LegalTech has been a promising industry for some time now — but for years, it has failed to be the disruptive force that FinTech has been for the financial industry. The failure to capitalize has a lot to do with the legal profession itself, which is known for being traditional, risk-averse, and overwhelmingly committed to the very basics.
Then the pandemic hit, forcing the legal industry to revamp and innovate overnight. LegalTech was there to save the day: digitizing workflows and data and increasing efficiency by automating routine practices. Documents had to be shared digitally, lawyers and their staff needed to collaborate remotely, and in-person court proceedings had to turn into virtual litigation.
These changes had a domino effect on other long-standing issues in an industry known for long hours, tedious work, and alarming rates of depression and burnout. This obligatory foray into digital transformation freed lawyers to do better, more strategic, and more engaging work — something that benefited attorneys and bottom-lines alike. It's no wonder, then, that Gartner forecasts that LegalTech will grow threefold by 2025.
Whether you're a law firm, in-house counsel, or a business that could benefit from accessible legal services, here are three ways you can harness LegalTech to make your processes more efficient, less risky, and more profitable.
If your firm is anything like the average law firm, contracts eat up an enormous amount of time and money. Firms spend hours searching for documents, cutting and pasting relevant text, and coordinating negotiations and renewals over phone and email. The costs are staggering: The average lawyer reviews 173 contracts per year, costing businesses nearly $80,000 a year in in-house counsel hours.
But the costs they impose aren't just financial — they also create an enormous drain on lawyers themselves, leaving them with little time or energy to do their best creative and strategic work. They also expose firms to unnecessary risk imposed by human error.
Luckily, there's an app for that. LegalTech offers the possibility to automate the whole lifecycle of contract management — from the moment negotiations begin through signing and renewal. AI and other tools allow firms to create tailored contracts and monitor compliance. Contract management software also allows data to be shared with all necessary parties, avoiding information silos and ensuring everything is accurate and up-to-date.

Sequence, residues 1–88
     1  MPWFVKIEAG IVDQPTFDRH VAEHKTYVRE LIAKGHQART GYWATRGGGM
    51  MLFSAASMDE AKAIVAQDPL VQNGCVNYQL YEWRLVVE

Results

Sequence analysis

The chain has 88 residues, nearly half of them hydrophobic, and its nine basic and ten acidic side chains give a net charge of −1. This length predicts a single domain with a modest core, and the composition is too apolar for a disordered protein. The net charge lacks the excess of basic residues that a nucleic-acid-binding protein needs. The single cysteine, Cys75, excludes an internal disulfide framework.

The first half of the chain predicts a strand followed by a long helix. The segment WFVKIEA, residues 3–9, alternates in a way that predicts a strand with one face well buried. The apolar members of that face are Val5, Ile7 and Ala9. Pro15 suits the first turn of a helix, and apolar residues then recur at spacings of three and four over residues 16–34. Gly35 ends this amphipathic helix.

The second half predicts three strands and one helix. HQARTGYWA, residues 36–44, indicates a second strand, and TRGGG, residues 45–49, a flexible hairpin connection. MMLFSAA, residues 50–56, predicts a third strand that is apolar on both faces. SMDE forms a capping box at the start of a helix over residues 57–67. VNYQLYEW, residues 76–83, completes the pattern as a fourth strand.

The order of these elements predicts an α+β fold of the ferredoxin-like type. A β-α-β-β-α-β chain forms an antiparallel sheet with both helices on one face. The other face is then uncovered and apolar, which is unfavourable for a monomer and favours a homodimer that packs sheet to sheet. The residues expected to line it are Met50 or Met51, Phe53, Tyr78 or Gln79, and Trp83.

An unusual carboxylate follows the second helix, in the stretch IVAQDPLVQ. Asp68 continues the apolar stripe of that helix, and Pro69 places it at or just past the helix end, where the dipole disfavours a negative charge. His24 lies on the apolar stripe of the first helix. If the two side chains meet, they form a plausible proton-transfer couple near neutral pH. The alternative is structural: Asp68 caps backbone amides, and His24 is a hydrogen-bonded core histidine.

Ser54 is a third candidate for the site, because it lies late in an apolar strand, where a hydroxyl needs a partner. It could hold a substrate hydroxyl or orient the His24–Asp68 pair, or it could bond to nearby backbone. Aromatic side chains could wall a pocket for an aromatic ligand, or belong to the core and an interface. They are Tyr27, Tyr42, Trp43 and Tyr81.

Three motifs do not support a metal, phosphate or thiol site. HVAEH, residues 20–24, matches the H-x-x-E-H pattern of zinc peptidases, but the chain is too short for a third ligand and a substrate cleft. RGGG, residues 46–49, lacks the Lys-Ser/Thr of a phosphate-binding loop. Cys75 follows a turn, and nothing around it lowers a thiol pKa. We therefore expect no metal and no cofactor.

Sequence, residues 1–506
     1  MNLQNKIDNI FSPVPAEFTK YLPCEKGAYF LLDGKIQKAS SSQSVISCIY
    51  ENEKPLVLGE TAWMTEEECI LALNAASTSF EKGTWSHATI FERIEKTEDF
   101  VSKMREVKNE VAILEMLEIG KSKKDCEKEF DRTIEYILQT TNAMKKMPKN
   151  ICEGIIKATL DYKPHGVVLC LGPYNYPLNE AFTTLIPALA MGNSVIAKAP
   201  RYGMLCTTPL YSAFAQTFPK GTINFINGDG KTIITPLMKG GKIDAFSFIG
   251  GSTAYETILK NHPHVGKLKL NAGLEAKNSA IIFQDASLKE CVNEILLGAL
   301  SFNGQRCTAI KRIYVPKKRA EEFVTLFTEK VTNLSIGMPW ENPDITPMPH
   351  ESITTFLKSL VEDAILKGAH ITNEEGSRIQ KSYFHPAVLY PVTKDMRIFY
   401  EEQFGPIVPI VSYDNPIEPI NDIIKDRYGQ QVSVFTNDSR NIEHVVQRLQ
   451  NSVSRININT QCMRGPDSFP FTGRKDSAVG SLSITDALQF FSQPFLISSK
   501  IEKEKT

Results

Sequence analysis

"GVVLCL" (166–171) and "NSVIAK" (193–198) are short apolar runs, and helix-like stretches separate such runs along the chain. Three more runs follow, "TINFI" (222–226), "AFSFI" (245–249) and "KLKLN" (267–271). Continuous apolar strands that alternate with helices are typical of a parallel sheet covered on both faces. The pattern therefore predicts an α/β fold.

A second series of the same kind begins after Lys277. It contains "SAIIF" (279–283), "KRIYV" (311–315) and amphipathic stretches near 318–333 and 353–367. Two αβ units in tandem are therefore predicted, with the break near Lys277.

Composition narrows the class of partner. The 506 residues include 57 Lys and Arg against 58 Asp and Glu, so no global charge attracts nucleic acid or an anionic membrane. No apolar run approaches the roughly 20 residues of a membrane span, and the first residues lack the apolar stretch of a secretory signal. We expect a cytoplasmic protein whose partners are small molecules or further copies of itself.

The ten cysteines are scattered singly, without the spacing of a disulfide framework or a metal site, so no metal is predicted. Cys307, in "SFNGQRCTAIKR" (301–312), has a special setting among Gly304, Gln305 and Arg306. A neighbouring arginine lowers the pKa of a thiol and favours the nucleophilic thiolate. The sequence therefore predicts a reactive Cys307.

When it comes to LegalTech, the devil is in the details — the repetitive, mundane tasks that are essential to your work but often are time-consuming and quite frankly, time-wasters. There are types of LegalTech software that are uniquely suited to help identify and automate these tasks and help save big on time and money.
With the rise of e-billing in the legal industry, firms are poised to take their financial processes out of the Ice Age and into the 21st century. LegalTech software can help firms and other businesses to deal with legal costs. For example, using AI to read on and between the lines to find areas of overpayment, then adjusting the invoice or flagging it for attention. Another example is switching from paper invoices to digital systems, which can mitigate human errors and the time it takes to fix them (and is also better for the environment).
Drafting an NDA is one of the most common parts of running a law firm, and these contracts deserve both their own category and a corresponding LegalTech solution. Some firms report processing a whopping 100,000 of these contracts a year. And while smaller law firms and other businesses might process fewer, the cost adds up: The average price of filing just one NDA ranges from $114 to $456 — a line item that can quickly compound.
Law firms and other businesses can adopt a LegalTech platform that generates both standard and highly-specific NDAs on-demand, using AI to tailor language to the person and issue at hand. This type of LegalTech solution can assist in eliminating the bloat of administrative tasks and help employees focus on more important initiatives without sacrificing security or effectiveness.
Compared to sister initiatives like FinTech, LegalTech has grown less evenly and conquered less market. The issue lies not within the technology that’s available, but within the historic response to people attempting to change the legal industry's byzantine system of rules and processes. However, the legal industry is at a tipping point, and law firms that adapt to the new normal and adopt new technologies will find themselves at an advantage economically. And they’ll also clear the way for employees to focus on the work they want to do for the clients who need them at their best.